HomeRoad to CollegePaying for College

How Savings Affect Financial Aid

Saving for college pays, even when it comes to receiving financial aid. Here's why.

Saving any amount of money can make a big difference in what you can afford to pay for your child's education. The earlier you start the better, but don't pass altogether because you think it's too little or too late.

Save More Now, Borrow Less Later

Remember, college is a long-term investment. Like other investments, such as buying a home, most families pay for college through a combination of savings, current income and borrowing. This means that the more you save, the less you and your child will need to borrow, and the less you'll need to take from your current income.

Will Saving Hurt My Financial Aid Chances?

Despite what you may have heard to the contrary, saving pays, even when it comes to receiving financial aid. The amount you'll be asked to pay for your child's college is based on your family's income and assets. Savings are considered an asset. However, current financial aid formulas only "tax" about 5% of your assets each year. That is, the formulas assume that 5% of your savings are available each year to help pay for college.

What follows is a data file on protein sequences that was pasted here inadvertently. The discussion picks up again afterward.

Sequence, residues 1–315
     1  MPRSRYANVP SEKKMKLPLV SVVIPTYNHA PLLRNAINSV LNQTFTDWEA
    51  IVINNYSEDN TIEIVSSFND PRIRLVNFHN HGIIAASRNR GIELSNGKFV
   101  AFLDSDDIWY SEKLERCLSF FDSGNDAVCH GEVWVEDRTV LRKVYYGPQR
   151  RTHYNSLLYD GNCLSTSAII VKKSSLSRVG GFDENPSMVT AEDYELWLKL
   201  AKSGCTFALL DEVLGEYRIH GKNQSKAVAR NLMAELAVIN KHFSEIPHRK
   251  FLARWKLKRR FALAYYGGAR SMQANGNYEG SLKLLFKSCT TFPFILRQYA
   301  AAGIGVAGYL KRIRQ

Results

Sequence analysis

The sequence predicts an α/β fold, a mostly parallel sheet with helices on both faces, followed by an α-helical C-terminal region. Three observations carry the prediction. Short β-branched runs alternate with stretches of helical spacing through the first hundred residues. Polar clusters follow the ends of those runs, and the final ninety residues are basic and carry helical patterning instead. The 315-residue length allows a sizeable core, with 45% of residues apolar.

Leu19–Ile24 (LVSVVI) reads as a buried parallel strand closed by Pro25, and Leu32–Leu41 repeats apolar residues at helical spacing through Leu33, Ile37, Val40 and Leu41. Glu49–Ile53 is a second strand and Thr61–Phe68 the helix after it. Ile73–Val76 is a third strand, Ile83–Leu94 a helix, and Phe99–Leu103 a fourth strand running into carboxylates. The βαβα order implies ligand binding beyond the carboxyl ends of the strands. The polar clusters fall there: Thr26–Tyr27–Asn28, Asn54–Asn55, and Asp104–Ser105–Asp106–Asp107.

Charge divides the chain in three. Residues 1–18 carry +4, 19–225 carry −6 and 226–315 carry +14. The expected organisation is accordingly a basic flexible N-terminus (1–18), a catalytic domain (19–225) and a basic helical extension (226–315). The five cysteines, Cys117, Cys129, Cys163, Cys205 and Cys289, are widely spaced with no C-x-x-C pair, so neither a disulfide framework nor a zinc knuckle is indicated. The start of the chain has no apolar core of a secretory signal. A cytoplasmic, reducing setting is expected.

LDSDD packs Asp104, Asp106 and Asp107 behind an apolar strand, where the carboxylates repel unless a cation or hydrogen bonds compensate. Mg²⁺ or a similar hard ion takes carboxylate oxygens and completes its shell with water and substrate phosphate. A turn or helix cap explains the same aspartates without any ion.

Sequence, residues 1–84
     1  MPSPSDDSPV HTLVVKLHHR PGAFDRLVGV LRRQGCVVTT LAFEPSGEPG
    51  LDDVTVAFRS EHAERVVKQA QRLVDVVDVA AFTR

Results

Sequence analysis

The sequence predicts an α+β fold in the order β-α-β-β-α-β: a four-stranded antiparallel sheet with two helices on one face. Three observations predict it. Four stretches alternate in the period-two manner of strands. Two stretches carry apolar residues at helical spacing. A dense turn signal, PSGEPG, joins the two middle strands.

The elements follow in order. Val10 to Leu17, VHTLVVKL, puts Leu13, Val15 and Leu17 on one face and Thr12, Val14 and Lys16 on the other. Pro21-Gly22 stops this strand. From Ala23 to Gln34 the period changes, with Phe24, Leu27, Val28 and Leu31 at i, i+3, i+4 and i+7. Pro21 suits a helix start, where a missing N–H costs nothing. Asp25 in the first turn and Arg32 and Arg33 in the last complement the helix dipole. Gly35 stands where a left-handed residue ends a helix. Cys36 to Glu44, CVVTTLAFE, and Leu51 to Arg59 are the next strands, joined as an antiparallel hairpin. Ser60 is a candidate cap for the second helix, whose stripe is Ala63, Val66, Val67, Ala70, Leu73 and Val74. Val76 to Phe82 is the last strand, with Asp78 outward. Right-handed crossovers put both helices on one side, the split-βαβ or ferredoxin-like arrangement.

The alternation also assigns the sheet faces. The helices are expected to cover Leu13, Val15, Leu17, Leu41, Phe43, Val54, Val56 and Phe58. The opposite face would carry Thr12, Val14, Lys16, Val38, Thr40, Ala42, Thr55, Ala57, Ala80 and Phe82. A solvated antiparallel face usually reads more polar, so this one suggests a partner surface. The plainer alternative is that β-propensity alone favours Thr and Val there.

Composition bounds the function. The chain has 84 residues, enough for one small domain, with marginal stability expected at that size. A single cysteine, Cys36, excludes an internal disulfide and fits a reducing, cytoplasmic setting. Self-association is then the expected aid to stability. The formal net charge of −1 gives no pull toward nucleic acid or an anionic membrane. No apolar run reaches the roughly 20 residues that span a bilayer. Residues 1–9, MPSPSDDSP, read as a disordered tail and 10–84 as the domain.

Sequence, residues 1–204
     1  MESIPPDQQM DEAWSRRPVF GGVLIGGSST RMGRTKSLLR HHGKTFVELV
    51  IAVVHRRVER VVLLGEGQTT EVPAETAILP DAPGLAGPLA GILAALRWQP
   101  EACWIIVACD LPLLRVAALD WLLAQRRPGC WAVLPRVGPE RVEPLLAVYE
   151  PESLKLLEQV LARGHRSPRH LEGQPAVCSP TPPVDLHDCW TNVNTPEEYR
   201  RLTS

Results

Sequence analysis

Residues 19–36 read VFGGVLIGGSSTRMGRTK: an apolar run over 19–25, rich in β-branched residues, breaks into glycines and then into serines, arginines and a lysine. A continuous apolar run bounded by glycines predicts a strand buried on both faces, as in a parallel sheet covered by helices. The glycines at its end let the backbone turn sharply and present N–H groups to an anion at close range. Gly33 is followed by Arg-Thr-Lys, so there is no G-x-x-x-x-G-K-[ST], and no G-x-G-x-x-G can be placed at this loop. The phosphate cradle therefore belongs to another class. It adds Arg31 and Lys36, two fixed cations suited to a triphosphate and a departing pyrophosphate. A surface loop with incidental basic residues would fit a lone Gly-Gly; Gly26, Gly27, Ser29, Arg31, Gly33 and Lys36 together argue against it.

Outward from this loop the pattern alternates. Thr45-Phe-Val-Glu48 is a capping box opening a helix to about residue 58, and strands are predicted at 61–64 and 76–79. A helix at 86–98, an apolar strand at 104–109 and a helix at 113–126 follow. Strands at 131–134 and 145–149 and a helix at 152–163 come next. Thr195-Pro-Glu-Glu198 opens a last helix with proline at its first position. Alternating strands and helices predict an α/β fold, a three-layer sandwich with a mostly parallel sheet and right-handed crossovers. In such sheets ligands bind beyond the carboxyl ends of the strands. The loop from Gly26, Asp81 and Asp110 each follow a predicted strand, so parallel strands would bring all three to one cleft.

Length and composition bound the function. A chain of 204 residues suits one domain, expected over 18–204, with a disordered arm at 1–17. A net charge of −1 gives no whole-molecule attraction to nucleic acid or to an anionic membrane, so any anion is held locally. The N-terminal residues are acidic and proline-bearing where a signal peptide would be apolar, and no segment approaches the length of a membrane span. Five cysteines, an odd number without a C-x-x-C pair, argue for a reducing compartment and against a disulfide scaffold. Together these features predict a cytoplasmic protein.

For example, if a family has saved $20,000, they'll be asked to contribute about $1,000 of this savings per year to college expenses. Say their expected family contribution is $10,000. That means that while only $1,000 of their assets is being "taxed," the family can, at their option, use a greater part of their savings to meet educational expenses and reduce their need to borrow.

A family with the same income and significantly less in assets might only be expected to contribute a total of $9,000, but they'd have to rely on loans to make up the difference. The family with the greater savings is in a much better financial situation and may find they have more options in making educational choices.

Comments from readers

"what does saving include? Is it the money saved under child's name or total of monies in the accounts under parents' name? Also what does the term 'asset' refer to?"
"I think the use of the word 'tax' while in quotes is still making this article more confusing than need be."
"This was an interesting article, thank you. We still have at least 6 years before college expenses, but I know it will go by quickly. This article was REX'd (recommended) on (Digg for non-techies)."
"Wow, this article cleared up a HUGE misconception I've had all along. Thanks!"
"Where does the Oregon Savings plan fit in here?? Is it considered 'savings'? Or is it under another term altogether??"